There’s a new look to what’s on… this week, as we’ve added a table of contents and hyperlinks to make the whole thing more user friendly, and finally gotten rid of some long-standing, well-loved typos, while adding some new ones for eagle-eyed readers to spot. You can see all the editions of these guides here, and all our stories tagged Ljubljana here.

As ever, clicking on the venue names in the sections below should get you more details with regard to the time, price and location, as well as other events on at this place in whatever week you're here. Finally, if there's something you want to promote in a future edition of What's on in Ljubljana please get in touch with me at flanner(at)total-slovenia-news.com

Cinemas and films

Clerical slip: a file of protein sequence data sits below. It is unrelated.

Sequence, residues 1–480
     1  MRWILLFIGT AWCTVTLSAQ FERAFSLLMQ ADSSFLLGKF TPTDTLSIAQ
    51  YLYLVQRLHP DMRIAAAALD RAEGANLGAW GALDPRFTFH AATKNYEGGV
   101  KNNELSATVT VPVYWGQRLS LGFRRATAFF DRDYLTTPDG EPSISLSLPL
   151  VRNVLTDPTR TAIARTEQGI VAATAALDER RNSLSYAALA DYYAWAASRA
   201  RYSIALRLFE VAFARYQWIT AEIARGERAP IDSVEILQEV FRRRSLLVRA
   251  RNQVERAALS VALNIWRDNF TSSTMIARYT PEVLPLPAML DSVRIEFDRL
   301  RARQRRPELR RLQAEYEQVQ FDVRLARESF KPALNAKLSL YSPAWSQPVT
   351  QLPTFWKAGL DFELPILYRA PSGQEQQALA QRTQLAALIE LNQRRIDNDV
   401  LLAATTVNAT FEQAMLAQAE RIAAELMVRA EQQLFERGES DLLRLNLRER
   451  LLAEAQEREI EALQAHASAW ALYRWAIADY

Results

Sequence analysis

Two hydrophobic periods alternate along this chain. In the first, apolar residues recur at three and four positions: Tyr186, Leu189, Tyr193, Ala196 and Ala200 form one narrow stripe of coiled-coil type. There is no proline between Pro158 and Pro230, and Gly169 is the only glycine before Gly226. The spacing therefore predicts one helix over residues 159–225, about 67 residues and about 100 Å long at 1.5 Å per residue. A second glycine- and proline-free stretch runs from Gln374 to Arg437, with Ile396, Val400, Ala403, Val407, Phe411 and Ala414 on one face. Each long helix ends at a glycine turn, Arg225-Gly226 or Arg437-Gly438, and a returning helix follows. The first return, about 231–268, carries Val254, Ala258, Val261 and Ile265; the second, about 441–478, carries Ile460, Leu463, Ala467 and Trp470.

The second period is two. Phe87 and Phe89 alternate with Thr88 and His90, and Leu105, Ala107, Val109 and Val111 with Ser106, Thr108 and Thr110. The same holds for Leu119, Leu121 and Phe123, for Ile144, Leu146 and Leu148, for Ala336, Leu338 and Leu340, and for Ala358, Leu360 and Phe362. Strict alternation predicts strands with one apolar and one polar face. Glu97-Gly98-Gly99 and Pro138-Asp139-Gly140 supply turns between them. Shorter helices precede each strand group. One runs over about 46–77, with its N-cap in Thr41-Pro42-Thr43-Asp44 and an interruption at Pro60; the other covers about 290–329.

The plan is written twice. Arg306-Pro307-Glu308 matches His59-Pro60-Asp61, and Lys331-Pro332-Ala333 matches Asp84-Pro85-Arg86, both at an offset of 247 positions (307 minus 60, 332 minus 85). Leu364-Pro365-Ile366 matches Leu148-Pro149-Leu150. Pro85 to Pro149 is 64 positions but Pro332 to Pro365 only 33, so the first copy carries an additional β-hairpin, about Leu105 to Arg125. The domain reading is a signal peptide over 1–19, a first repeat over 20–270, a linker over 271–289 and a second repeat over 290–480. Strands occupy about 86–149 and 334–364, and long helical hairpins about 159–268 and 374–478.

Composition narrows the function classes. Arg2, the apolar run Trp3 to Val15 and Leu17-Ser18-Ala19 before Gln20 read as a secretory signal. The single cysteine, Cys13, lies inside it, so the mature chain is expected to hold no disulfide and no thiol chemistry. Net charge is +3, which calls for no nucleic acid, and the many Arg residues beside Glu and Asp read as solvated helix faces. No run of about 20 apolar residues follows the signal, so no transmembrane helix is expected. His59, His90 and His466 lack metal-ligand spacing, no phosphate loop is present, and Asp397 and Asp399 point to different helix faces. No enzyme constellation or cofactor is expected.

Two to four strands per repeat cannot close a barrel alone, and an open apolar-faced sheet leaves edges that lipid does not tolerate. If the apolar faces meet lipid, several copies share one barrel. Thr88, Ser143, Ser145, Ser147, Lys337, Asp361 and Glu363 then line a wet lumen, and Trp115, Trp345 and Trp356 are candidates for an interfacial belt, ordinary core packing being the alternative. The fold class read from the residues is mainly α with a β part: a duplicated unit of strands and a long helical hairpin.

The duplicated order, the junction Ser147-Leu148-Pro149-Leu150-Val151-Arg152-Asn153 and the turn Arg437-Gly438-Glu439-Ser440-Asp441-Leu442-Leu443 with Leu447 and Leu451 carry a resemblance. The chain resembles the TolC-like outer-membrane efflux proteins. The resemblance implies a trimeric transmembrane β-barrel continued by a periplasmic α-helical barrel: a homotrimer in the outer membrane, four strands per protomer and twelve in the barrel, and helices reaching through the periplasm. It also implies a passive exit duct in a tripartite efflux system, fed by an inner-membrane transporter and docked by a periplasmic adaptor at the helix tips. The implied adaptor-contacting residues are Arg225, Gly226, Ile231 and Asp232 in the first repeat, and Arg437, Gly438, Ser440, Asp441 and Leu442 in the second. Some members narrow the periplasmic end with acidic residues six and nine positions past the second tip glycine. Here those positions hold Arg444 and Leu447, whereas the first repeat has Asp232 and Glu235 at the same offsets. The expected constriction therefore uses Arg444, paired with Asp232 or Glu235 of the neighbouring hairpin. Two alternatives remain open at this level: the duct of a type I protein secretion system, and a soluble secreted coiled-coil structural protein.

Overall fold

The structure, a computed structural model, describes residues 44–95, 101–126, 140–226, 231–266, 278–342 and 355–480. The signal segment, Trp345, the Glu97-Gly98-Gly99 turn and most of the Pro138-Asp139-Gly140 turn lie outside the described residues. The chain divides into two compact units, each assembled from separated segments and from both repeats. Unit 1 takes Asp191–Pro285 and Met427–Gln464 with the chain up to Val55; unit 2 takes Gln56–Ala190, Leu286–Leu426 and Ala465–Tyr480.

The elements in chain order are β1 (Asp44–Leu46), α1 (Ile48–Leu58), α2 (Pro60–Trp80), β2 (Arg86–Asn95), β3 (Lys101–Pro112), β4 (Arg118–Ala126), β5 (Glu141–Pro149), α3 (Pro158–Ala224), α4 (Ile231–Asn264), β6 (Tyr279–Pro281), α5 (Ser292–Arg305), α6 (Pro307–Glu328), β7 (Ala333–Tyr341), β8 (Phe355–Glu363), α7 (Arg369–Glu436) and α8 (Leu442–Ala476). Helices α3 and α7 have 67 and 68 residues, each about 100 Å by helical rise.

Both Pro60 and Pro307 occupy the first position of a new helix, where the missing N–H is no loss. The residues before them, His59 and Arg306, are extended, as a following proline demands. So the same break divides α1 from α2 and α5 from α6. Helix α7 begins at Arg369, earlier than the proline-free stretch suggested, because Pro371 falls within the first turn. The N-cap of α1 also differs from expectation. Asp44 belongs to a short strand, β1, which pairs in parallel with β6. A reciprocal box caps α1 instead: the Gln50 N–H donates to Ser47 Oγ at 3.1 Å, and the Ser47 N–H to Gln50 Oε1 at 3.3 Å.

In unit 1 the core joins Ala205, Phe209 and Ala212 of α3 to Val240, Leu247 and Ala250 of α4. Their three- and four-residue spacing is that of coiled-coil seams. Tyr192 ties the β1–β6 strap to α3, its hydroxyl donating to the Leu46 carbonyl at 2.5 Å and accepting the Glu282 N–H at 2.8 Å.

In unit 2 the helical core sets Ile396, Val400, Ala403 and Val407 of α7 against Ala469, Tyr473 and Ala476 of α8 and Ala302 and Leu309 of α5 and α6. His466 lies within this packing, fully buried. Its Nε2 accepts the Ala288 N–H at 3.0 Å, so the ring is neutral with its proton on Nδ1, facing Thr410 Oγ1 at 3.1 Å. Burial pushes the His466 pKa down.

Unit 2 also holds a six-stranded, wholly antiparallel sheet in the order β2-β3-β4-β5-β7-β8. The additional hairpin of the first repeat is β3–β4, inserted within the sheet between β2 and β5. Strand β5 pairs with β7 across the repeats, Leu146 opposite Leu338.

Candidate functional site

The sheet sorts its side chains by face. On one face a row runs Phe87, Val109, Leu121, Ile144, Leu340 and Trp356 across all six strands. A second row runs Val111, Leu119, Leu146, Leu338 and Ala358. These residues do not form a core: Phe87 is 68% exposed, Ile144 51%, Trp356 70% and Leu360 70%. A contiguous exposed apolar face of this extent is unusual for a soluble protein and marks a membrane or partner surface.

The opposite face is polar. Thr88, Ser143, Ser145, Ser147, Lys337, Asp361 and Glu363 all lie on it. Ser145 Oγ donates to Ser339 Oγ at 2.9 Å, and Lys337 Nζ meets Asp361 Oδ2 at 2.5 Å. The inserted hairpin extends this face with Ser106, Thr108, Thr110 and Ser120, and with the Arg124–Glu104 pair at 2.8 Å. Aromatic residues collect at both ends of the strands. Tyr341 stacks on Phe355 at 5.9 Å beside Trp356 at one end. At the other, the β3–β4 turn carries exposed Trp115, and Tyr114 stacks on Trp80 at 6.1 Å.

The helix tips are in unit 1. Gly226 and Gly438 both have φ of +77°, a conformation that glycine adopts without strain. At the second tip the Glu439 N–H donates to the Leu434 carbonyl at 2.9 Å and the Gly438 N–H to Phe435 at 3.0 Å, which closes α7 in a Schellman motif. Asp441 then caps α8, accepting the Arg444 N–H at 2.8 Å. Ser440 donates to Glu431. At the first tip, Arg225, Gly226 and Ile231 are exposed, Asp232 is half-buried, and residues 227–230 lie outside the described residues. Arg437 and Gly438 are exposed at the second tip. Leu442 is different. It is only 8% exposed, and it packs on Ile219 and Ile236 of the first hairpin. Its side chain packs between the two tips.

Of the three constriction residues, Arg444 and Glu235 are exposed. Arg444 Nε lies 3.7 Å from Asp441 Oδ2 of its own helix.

You can read about all the cinemas in town here, while a selection of what’s playing this week is below, and note that kid’s movies tend to be shown in dubbed versions, so do check before driving out to a multiplex and dropping off the young ones if they can't understand Slovene. Parents should also pay attention to Kinobalon, which is Kinodvor's regular weekend series of film screenings and events for children, from babies on up, with special parent/child events, "first time in a cinema" screenings, and babysitting. Learn more about it here, and see the current schedule here.

Kinodvor – The arts cinema not far from the train station is showing, among other features, The Children Act, Women at War, The Favourite, Maria by Callas and Climax.

Kinoteka – This revival cinema isn’t far from Kinodvor, at the train station end of Miklošičeva, is showing Von Trier’s Europa, two from Bertolucci, The Last Emperor and The Dreamers, and Fucking Åmål from Lukas Moodysson.